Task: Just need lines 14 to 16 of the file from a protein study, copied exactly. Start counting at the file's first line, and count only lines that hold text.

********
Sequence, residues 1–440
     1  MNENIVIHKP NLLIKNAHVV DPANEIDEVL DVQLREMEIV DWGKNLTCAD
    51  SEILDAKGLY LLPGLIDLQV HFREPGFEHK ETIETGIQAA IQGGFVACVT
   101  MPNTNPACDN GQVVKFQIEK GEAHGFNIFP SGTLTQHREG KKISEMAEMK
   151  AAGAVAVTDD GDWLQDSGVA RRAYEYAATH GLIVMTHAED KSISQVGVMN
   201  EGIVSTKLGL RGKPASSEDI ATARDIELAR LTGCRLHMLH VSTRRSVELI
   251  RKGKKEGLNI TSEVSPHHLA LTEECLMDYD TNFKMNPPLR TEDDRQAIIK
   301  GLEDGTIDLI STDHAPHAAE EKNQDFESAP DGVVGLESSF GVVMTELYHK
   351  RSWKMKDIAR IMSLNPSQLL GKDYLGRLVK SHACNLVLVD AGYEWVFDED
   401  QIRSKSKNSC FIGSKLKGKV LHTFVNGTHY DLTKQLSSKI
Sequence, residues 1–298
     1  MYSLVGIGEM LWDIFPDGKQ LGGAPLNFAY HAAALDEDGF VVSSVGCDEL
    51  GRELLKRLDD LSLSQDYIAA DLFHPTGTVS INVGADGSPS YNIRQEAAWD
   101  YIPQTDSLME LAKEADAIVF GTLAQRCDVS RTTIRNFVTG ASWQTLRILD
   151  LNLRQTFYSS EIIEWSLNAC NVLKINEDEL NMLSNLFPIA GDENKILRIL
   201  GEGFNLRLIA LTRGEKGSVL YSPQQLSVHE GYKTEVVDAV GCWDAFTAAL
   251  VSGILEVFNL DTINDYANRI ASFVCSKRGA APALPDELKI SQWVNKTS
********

   101  YIPQTDSLME LAKEADAIVF GTLAQRCDVS RTTIRNFVTG ASWQTLRILD
   151  LNLRQTFYSS EIIEWSLNAC NVLKINEDEL NMLSNLFPIA GDENKILRIL
   201  GEGFNLRLIA LTRGEKGSVL YSPQQLSVHE GYKTEVVDAV GCWDAFTAAL